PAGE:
Referral for surgery

Symptomatic disease involving all three coronary arteries which is uncontrolled by medical therapy will be improved by coronary artery bypass grafting. Prognosis is unaltered unless there is coexisting left ventricular dysfunction (ejection fraction below 40 per cent). The increasing use of left internal mammary grafts may alter this balance in the future, as long-term results are better when this conduit can be used.

Left main stem stenosis above 30 per cent carries an adverse prognosis (1 year mortality of 20 per cent) which benefits from surgical revascularization. Proximal left anterior descending coronary artery stenosis above 70 per cent is a high-risk lesion, and there is little to choose between angioplasty and left internal mammary artery grafting. Stenting may prove more advantageous in the future.

Unstable multivessel coronary disease, which does not settle medically, merits early investigation and referral for surgery if other revascularization techniques are not applicable.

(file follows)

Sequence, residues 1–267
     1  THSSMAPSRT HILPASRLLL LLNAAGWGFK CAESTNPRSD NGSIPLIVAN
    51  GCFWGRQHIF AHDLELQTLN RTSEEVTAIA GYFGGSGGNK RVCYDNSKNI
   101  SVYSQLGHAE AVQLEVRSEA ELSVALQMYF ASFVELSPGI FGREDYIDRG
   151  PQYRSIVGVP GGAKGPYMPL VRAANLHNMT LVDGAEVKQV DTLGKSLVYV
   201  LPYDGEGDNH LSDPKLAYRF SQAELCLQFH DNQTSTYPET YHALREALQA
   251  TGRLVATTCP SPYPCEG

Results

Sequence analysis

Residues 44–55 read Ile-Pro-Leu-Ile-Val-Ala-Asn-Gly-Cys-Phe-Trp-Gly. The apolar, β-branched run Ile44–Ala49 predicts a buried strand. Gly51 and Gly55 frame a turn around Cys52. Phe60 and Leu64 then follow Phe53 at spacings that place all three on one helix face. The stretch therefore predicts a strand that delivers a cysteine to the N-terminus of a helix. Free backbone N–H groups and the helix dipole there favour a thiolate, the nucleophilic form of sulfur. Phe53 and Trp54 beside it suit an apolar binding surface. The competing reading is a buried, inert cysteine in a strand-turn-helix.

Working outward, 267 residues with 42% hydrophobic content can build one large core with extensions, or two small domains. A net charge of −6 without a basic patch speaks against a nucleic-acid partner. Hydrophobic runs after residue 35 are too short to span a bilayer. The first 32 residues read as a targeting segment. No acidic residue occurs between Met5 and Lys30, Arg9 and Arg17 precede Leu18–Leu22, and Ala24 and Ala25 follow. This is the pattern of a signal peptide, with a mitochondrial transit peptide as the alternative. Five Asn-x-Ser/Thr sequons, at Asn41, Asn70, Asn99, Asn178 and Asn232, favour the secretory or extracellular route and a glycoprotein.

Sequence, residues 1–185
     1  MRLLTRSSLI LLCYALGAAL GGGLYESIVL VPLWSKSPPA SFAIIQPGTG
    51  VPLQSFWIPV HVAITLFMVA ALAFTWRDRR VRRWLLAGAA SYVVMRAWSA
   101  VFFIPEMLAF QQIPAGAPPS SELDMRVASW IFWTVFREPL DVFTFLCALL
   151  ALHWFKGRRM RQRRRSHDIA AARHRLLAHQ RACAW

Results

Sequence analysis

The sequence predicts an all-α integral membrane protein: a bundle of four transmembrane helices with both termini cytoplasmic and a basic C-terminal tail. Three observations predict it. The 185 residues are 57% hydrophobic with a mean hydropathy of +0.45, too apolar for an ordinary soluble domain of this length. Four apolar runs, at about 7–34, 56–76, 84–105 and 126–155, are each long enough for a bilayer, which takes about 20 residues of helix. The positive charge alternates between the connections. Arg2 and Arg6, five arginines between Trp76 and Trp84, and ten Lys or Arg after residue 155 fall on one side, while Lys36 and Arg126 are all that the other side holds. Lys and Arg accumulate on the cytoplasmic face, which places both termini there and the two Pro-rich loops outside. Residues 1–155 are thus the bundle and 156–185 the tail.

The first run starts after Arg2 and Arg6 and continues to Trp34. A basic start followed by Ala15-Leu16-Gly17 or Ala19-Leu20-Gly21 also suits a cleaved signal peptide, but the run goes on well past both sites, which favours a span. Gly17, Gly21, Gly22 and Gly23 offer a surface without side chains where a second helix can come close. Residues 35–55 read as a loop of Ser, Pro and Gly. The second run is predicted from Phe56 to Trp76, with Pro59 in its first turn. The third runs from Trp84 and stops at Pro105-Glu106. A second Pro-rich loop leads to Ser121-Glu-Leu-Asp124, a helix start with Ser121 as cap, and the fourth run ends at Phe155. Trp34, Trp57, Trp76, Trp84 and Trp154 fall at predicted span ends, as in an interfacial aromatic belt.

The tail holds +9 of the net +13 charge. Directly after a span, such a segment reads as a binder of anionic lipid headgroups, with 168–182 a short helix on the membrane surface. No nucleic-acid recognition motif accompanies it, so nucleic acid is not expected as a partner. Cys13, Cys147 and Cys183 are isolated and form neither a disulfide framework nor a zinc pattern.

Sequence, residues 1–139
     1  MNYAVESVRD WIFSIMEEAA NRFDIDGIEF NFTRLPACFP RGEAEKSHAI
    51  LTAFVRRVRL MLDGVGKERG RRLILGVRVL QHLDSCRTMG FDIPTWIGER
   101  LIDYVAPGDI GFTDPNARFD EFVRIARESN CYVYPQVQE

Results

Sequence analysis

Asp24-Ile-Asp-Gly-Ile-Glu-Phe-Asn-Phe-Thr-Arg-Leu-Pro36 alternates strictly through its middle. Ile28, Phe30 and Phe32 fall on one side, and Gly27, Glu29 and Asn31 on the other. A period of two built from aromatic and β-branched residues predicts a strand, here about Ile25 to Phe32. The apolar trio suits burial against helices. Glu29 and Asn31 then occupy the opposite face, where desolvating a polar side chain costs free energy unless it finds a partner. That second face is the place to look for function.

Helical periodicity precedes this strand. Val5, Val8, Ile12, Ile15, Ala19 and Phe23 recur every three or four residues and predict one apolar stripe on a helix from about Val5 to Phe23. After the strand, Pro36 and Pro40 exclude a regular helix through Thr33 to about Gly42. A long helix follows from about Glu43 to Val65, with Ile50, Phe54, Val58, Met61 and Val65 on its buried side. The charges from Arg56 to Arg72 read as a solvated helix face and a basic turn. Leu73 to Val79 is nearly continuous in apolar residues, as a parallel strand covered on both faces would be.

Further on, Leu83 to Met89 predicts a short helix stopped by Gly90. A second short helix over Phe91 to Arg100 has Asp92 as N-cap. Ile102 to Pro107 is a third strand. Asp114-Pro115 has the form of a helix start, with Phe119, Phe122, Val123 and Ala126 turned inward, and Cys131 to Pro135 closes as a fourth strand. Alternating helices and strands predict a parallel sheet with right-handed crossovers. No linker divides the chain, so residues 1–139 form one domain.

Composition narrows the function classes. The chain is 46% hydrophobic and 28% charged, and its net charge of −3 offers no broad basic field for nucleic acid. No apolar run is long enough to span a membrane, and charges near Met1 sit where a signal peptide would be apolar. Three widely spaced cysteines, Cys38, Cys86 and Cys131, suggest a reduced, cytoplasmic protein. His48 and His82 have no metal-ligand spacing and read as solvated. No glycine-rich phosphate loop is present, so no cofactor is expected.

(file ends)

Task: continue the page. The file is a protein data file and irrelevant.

Patients with symptomatic disease of one or two vessels, which is unacceptable despite adequate medical therapy and unsuitable for percutaneous transluminal coronary angioplasty/stenting (or a failed attempt at these procedures), should be referred for surgical revascularization. The patient needs to understand the individual risks and benefits; mortality benefits are not seen, although there are good symptomatic benefits.

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